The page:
Close Family Relationships as a Teen = Healthy Adult Functioning
Jim LiebeltJim is Senior Writer, Editor and Researcher for the HomeWord Center for Youth and Family at Azusa Pacific University. Jim has over 25 years of experience as a youth and family ministry specialist, and has been on the HomeWord staff since 1998. He has served over the years as a pastor, author, youth ministry trainer, adjunct college instructor and speaker. Jim’s culture blog and parenting articles appear on HomeWord.com. Jim is a contributing author of culture and parenting articles to Crosswalk.com. Jim and his wife Jenny live in Olympia, WA.
- 2010 Oct 07
A new study finds that close family relationships for teenagers results in a greater likelihood of healthy adult functioning later in life. Great news...and motivation for parents to make investing in good relationships with their teens a high priority.
Teens who feel they are an important part of their family or who have a trusted family confidant are more likely to become healthy functioning adults, according to a study recently released by the journal Child and Adolescent Mental Health.
The study is one of many completed with data from the Simmons Longitudinal Study, one of the nation's longest running studies on mental health predictors. Led by Simmons School of Social Work Professor Helen Reinherz, the recent study found that adolescents who reported feeling highly valued as a family member at age 15, compared to their peers had higher self-esteem, fewer interpersonal problems, and a lower likelihood of tobacco use, at age 30.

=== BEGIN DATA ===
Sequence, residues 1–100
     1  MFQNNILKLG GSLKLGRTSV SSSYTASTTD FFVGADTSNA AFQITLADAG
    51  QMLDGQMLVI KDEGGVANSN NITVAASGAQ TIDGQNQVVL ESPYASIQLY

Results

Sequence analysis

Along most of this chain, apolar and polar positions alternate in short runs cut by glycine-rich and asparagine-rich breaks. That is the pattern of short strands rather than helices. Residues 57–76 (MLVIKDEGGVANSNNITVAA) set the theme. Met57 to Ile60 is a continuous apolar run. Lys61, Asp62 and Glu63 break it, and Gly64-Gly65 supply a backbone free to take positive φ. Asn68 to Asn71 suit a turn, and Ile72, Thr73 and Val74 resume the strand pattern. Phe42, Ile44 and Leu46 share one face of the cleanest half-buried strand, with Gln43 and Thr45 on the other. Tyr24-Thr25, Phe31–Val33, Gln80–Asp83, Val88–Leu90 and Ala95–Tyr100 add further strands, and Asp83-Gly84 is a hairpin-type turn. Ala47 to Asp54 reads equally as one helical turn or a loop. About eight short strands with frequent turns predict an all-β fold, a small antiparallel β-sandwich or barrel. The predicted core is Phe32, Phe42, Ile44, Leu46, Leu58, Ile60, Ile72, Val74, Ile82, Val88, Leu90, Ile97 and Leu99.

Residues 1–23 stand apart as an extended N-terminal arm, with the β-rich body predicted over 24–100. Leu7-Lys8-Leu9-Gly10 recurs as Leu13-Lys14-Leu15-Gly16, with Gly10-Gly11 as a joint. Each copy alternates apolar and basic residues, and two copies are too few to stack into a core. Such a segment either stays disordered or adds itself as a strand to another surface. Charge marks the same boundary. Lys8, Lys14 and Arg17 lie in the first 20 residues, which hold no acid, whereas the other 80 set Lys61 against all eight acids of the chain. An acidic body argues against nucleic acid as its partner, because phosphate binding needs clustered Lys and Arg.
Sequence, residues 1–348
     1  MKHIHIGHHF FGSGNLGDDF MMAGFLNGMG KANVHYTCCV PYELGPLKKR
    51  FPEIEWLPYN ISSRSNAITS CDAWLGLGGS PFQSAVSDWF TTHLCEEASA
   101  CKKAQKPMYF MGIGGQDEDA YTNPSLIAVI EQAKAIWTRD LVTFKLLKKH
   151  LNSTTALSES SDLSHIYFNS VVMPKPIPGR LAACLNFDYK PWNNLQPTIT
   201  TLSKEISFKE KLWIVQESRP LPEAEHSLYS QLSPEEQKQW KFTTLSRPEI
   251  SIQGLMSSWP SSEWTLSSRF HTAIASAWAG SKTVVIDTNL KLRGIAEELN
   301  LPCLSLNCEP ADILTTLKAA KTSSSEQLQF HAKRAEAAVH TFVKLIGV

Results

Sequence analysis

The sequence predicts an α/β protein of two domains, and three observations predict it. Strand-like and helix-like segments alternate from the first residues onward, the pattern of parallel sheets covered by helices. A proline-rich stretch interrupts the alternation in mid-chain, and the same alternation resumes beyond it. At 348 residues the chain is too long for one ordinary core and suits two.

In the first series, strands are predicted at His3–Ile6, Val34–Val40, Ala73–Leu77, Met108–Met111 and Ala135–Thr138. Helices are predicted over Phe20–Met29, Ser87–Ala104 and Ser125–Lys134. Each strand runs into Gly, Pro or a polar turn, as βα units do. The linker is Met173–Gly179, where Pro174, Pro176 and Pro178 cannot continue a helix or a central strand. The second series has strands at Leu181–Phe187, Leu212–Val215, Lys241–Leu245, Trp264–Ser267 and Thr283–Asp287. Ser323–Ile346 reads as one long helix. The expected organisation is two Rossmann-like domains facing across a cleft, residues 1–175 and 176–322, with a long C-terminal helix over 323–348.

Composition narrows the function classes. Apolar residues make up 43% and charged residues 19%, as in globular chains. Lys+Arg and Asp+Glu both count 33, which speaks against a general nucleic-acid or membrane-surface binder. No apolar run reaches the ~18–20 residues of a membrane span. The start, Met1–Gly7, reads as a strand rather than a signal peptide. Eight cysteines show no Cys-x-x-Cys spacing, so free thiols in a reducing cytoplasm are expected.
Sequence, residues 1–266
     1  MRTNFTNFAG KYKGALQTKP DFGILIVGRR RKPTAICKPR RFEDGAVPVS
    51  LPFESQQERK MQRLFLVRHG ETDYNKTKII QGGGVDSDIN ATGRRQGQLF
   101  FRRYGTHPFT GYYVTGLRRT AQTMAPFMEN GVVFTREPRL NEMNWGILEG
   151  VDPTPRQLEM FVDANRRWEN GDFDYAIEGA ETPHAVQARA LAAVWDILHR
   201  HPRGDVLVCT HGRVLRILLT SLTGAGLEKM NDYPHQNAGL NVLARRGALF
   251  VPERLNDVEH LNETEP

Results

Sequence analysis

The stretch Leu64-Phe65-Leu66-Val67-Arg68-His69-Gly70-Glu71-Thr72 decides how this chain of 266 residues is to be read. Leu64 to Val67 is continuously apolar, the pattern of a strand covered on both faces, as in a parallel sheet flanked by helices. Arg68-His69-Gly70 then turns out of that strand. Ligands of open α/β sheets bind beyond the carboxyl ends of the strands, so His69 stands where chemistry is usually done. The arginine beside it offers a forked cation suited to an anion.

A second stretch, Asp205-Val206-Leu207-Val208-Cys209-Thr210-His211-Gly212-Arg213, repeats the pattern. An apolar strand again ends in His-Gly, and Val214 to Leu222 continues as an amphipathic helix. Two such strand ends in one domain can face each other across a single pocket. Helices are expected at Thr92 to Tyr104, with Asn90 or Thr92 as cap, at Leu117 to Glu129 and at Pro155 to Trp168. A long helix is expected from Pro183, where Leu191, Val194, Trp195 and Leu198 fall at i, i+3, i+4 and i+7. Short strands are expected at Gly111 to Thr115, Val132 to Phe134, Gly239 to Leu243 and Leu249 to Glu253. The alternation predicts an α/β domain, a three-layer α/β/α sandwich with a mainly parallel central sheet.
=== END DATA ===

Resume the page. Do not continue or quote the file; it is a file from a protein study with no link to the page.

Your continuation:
The study, lead-authored by Dr. Angela Paradis of the Harvard School of Public Health, also shows that adolescents who reported having a family confidant, compared to their peers had a substantially reduced risk for mental health concerns in adulthood, such as suicidal thoughts, and alcohol and drug disorders. These individuals also had better occupational and career functioning at age 30.
Further, the study results suggested that confiding family relationships were significantly more influential than confiding peer relationships in promoting positive functioning as an adult.
The authors conclude that the unique influences of each of these family factors on areas of adult functioning continues to affirm the need for broad-based programs aimed at strengthening adolescent-parent relationships.